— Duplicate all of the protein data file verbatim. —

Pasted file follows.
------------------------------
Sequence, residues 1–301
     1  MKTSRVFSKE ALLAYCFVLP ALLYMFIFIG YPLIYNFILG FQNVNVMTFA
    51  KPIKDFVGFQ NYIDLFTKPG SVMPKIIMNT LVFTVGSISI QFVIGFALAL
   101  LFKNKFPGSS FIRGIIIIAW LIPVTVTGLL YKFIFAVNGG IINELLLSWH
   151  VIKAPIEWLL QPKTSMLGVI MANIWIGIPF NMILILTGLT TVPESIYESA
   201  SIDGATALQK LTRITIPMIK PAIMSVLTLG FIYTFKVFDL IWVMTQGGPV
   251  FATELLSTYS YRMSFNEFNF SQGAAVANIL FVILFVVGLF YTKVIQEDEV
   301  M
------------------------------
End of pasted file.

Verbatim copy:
Sequence, residues 1–301
     1  MKTSRVFSKE ALLAYCFVLP ALLYMFIFIG YPLIYNFILG FQNVNVMTFA
    51  KPIKDFVGFQ NYIDLFTKPG SVMPKIIMNT LVFTVGSISI QFVIGFALAL
   101  LFKNKFPGSS FIRGIIIIAW LIPVTVTGLL YKFIFAVNGG IINELLLSWH
   151  VIKAPIEWLL QPKTSMLGVI MANIWIGIPF NMILILTGLT TVPESIYESA
   201  SIDGATALQK LTRITIPMIK PAIMSVLTLG FIYTFKVFDL IWVMTQGGPV
   251  FATELLSTYS YRMSFNEFNF SQGAAVANIL FVILFVVGLF YTKVIQEDEV
   301  M